Tag Archives: postal order

The real Winslow Boy

The biggest story in the British press 100 years ago today centred on a High Court case brought by the family of George Archer-Shee, a teenage naval cadet who had been expelled from Osborn Naval College two years previously for stealing a postal order valued at 5 shillings.

The grounds for George Archer-Shee’s expulsion were largely circumstantial. On 7th October 1908 he was granted permission to leave the grounds of the College and visit the local Post Office in order to purchase a postal order and a stamp, with which to buy a model train costing 15/6. Upon his return it was reported that a postal order for 5 shillings, which had been received earlier that day by fellow cadet Terence Back, had been stolen.

Local Post Office clerk Annie Tucker was summoned, and she produced the cashed postal order in Back’s name and stated that only two cadets had visited the Post Office that afternoon – and that the same cadet who had purchased the 15/6 postal order had cashed the 5 shilling order. On that basis Archer-Shee was expelled.

Martin Archer-Shee, George’s father, did not believe that his son had stolen Back’s postal order and began a defence of his honour. Prominent barrister Sir Edward Carson was engaged, and on 26th July 1910 the case finally came to the High Court.

Within the Royal Mail Archive we hold papers relating to the Archer-Shee case in POST 30/1652B. Amongst these papers are records of all postal orders purchased and cashed at Osborn Post Office on 7th October, and the 15/6 and 5 shilling postal orders, which were saved from destruction in order to be presented as evidence in court.

Postal order for 15/6 purchased by George Archer-Shee

Postal order for 15/6 purchased by George Archer-Shee

5 shilling postal order stolen from Terrence Back

5 shilling postal order stolen from Terrence Back

Also in the file are records of interviews with Post Office staff, and correspondence between Martin Archer-Shee and the Post Office, in which Archer-Shee asks permission to view the original postal orders.

Martin Archer-Shee’s determination to clear his son’s name was characterised in the press as a David and Goliath battle, in which a small boy of good reputation was unfairly expelled from the College by the Naval establishment. It is a story which has remained in the public memory, largely due to Terrence Rattigan’s 1946 play The Winslow Boy, which was inspired by the Archer-Shee case.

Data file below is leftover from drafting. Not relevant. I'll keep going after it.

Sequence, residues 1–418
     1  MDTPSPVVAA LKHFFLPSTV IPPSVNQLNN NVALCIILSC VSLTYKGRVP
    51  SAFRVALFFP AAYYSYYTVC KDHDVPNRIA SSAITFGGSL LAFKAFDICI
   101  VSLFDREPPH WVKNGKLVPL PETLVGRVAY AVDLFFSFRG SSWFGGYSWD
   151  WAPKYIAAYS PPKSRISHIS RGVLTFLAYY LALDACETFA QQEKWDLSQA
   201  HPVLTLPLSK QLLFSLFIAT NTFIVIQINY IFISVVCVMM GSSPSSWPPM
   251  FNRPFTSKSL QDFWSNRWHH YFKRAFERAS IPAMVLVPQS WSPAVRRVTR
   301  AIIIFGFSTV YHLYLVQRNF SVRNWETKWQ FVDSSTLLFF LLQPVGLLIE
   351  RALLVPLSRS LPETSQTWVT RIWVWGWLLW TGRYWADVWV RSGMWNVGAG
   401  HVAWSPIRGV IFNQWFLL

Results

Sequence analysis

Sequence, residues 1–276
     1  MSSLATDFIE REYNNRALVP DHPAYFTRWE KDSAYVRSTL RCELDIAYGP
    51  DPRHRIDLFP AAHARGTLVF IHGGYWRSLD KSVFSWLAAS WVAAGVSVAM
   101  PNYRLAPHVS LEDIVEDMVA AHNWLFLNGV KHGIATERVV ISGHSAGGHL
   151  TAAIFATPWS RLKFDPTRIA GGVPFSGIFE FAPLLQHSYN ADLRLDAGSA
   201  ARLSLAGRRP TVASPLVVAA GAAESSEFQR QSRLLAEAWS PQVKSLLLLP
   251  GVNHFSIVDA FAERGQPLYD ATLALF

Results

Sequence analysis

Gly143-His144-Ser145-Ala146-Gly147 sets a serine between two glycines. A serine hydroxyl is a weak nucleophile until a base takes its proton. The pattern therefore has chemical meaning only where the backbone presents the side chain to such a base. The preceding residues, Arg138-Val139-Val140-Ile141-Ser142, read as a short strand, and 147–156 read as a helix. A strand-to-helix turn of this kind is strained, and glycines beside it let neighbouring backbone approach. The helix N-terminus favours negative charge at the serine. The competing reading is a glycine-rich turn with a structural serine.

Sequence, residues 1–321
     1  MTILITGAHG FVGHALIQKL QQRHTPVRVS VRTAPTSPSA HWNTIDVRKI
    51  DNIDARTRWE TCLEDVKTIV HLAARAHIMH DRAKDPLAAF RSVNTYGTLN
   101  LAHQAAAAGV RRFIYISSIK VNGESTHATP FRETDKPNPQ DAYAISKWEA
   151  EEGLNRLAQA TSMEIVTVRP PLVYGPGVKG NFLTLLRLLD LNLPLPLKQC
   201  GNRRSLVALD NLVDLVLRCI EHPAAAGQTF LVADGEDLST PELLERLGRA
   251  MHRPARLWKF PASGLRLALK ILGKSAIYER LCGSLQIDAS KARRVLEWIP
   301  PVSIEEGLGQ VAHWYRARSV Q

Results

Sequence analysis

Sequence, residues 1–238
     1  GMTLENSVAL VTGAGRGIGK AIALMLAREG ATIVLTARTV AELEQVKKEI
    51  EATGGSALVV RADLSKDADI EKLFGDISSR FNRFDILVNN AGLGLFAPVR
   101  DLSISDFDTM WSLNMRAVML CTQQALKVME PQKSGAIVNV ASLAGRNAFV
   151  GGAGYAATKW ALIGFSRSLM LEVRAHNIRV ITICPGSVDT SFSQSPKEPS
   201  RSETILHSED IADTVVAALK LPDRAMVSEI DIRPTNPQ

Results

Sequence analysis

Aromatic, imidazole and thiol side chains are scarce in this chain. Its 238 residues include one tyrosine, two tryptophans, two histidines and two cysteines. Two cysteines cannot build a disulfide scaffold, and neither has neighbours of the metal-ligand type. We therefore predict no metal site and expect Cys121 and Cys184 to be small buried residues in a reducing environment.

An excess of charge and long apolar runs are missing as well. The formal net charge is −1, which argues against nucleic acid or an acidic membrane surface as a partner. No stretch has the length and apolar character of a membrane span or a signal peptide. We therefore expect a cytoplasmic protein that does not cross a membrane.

The Winslow Boy has been filmed twice, in 1948 and 1999, and is regularly performed on the stage. Several years ago the BPMA was asked to assist some theatre producers by providing a facsimile of a postal order of the period; we went one better – we sent them a facsimile of the original.

The BPMA at Blists Hill – July update

by Alison Norris, Ironbridge Project Assistant

Following a great deal of work by BPMA staff, the contemporary BPMA museum at Blists Hill Victorian town, Shropshire is due to open in late September. Blists Hill is one of ten sites run by the Ironbridge Gorge Museum Trust (IGMT), and receives around 200,000 visitors a year. This means that the BPMA will now be able to show parts of its unique collection to a great many more people.

The Blists Hill Post Office

The Blists Hill Post Office

The Museum of the Post Office in the Community can be found above the Blists Hill Victorian Post Office on Canal Street. Canal Street was carefully constructed earlier this year, with some buildings being moved brick by brick from original locations, others recreated using the IGMT archive, and each has been fitted out to show a selection of trades, industries and professions from the Victorian era. Many of these buildings are manned by staff in period costume that interpret the contents and demonstrate their functions.

The BPMA Museum of the Post Office in the Community